Virgin Media fined for unsafe working practices causing danger to London’s road users
9 May 2014 11:32 AM
Transport for London (TfL) has again
successfully defended the rights of all of London’s road users from
unsafe working and unnecessary delays and disruption caused by utility
30 April 2014, Westminster Magistrate's Court fined Virgin Media
£5,000 following a guilty plea to five separate offences on Croydon
gravity of the offences led the court to require Virgin Media to pay the
maximum victim surcharge of £420 and TfL’s full legal costs. Virgin
Media pleaded guilty to five offences committed on Croydon Road in the London
Borough of Sutton in October 2013.
These included carrying out unsafe working practices,
breaching two separate permit conditions, and two instances of failing to serve
the necessary statutory notices.
is the latest in a series of successful prosecutions by TfL as it works to
reduce unnecessary roadworks to improve traffic flow and conditions for all
London's road users.
February of this year, Virgin Media caused further disruption to Londoners when
they excavated the entire width of the A316 Chertsey Road to repair cables
during peak hours, causing hours of severe delays to road users in the
is currently prosecuting Virgin Media and its contractor McNicholas
Construction Services Ltd for this incident.
Leon Daniels, Managing Director of Surface Transport at
TfL, said: “We expect that utility companies ensure that any disruption
caused by roadworks is minimised and the most stringent safety is upheld. Since
the introduction of our London Permit Scheme in 2010 we have seen these delays
reduce by over 50 per cent.
"We are pleased that the court has agreed that the
unnecessary delays caused by utility companies’ slapdash behaviour are
thoroughly intolerable. We are completely focused on cutting delays, and as
such, will be continuing to prosecute persistent offenders who show wanton
disregard for Londoners, as we have Virgin Media.”
During the sentencing, District Judge Goldspring cited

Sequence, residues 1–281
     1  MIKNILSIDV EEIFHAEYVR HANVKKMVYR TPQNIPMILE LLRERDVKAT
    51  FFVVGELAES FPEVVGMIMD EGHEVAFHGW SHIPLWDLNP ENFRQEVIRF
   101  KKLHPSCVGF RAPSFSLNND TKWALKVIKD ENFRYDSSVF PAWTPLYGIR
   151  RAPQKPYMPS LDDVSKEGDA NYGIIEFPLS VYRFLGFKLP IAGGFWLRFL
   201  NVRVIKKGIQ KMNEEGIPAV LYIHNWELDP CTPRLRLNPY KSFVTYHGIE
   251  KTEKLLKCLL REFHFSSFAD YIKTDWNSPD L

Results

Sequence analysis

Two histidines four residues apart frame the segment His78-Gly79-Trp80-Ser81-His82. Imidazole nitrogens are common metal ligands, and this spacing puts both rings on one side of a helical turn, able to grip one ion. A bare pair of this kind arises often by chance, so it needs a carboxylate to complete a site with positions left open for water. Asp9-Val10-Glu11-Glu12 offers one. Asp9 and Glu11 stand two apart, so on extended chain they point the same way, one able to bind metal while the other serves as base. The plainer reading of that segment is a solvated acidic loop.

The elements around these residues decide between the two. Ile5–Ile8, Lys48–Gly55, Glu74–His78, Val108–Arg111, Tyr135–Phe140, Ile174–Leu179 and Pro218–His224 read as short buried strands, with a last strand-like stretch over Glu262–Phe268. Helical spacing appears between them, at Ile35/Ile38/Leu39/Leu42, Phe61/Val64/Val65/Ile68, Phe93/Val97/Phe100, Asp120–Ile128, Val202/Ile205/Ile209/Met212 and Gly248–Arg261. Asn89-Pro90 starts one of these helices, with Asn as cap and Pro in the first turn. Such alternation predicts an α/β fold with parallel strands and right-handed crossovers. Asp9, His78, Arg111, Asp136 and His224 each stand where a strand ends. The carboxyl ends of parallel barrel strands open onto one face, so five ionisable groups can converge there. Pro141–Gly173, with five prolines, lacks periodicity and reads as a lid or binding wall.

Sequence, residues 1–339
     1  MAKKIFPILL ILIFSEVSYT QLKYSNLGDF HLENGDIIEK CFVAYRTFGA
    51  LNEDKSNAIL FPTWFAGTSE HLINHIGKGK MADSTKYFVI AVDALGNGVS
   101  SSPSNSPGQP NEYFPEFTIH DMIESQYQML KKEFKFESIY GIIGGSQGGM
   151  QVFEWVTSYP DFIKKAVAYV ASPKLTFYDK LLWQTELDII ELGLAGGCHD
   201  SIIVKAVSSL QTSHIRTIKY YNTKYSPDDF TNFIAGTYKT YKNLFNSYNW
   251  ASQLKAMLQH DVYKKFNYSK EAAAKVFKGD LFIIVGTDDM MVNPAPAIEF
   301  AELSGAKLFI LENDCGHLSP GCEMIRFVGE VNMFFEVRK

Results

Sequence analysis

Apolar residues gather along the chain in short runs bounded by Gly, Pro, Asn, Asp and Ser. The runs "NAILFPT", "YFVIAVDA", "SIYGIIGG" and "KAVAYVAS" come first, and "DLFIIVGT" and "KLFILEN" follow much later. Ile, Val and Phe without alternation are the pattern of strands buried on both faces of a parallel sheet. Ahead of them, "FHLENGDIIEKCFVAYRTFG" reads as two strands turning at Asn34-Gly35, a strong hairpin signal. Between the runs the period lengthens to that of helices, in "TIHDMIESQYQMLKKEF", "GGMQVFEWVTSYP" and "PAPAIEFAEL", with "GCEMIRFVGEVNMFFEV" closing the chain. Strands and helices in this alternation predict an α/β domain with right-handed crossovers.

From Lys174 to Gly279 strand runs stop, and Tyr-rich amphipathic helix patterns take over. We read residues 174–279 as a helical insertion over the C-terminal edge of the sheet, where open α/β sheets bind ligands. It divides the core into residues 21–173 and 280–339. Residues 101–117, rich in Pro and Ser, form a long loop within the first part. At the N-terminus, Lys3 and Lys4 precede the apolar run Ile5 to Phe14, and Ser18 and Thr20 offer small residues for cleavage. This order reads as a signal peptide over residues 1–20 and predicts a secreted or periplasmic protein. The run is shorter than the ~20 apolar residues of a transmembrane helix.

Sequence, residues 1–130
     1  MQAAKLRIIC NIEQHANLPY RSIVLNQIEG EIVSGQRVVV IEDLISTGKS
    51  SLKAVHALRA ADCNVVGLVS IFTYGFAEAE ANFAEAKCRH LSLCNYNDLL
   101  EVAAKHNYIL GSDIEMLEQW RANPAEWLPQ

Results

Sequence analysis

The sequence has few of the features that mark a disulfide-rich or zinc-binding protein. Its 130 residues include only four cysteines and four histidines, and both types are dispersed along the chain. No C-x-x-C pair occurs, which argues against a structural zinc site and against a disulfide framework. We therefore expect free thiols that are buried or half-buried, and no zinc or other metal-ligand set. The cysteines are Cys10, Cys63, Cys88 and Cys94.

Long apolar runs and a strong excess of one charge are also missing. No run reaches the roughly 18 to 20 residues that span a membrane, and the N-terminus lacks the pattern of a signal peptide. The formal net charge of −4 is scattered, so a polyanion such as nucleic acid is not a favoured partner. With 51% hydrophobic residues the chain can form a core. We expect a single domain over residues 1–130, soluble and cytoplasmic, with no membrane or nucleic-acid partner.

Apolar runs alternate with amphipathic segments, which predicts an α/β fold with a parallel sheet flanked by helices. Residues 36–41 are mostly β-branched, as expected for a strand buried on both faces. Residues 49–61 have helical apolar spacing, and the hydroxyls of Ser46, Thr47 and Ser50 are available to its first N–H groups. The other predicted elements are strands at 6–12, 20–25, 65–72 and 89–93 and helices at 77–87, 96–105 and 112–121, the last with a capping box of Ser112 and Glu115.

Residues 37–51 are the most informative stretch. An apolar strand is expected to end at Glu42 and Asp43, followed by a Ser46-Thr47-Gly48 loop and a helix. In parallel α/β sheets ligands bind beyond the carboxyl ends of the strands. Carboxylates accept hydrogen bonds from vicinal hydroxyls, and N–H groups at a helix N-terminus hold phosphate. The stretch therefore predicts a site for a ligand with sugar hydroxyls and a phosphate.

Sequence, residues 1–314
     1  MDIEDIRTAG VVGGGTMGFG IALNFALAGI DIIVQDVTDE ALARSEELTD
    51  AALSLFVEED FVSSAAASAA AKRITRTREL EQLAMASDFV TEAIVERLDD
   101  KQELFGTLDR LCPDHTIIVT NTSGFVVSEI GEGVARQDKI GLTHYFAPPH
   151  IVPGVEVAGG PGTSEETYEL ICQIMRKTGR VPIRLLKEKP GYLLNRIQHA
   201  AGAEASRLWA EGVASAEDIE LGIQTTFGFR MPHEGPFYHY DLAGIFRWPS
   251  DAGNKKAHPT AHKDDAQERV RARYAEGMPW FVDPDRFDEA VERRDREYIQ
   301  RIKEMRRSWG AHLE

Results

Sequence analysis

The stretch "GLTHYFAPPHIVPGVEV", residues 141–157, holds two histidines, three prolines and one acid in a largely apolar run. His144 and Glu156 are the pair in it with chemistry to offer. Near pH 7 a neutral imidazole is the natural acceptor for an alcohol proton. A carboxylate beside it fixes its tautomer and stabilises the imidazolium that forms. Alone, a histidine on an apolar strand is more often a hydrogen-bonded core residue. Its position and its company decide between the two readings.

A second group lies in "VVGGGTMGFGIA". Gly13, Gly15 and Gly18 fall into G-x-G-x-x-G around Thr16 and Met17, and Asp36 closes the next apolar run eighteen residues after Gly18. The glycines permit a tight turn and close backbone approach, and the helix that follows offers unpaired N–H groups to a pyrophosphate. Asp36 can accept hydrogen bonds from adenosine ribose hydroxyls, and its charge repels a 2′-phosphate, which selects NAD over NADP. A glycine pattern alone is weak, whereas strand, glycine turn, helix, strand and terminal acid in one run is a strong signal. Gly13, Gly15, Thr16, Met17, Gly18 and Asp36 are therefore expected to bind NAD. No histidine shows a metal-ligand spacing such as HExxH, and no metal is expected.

the potential serious consequences of works without proper guarding near a
primary school, and how Virgin Media were recently convicted of a similar
prosecution of Virgin Media is one of a number of ways TfL is improving
conditions for all of London’s road users.
of April 2013, all London boroughs have introduced the London Permit
a result firms undertaking work anywhere in London have to apply for a permit
before they can begin digging up the roads.
London's Lane Rental Scheme, launched by the Mayor
of London and TfL on 11 June 2012, is designed to reduce road users delays by
encouraging utility companies to avoid digging up the busiest roads at peak
Following the introduction of the scheme, more than 88
per cent of utility roadworks at traffic hotspots have avoided incurring a Lane
Rental charge in Lane Rental locations.
Before the scheme was introduced, only around 30 per
cent of utility roadworks at traffic hotspots avoided peak traffic
is leading the way for works promoters, including utility companies, by
avoiding incurring Lane Rental charges on 99 per cent of its works undertaken
in Lane Rental locations.
Last year, TfL successfully prosecuted Thames Water for
nine road works offences and Cable & Wireless for one offence of working in
breach of permit conditions and causing significant road disruption as a
permit scheme also enables TfL to monitor the number of roadworks taking place
on its roads at any one time and ensure that they don't exceed the agreed
2010 the cap was put in place to reduce the maximum number of works taking
place by 20 per cent; the limit has since been further revised to reduce the
maximum number of works by a further 10 per cent.
- Traffic Police Community Support Officers (TPCSOs) are
also used to clamp down on roadworks that are outside of their permit Londoners
can report disruptive or badly managed roadworks, as well as road defects such
as potholes and damaged footpaths, by visiting https://reportit.tfl.gov.uk.
enquiries received will be sent directly to the relevant Highway Authority (TfL
or a London borough) responsible, ensuring that direct and fast action can be
takenSince the beginning of the London Permit Scheme, TfL has issued Virgin
Media a total of 316 Fixed Penalty Notices (FPN) for various streetworks
offences. In October 2013, Transport for London successfully prosecuted Thames
Water for causing unnecessary disruption. Link to PN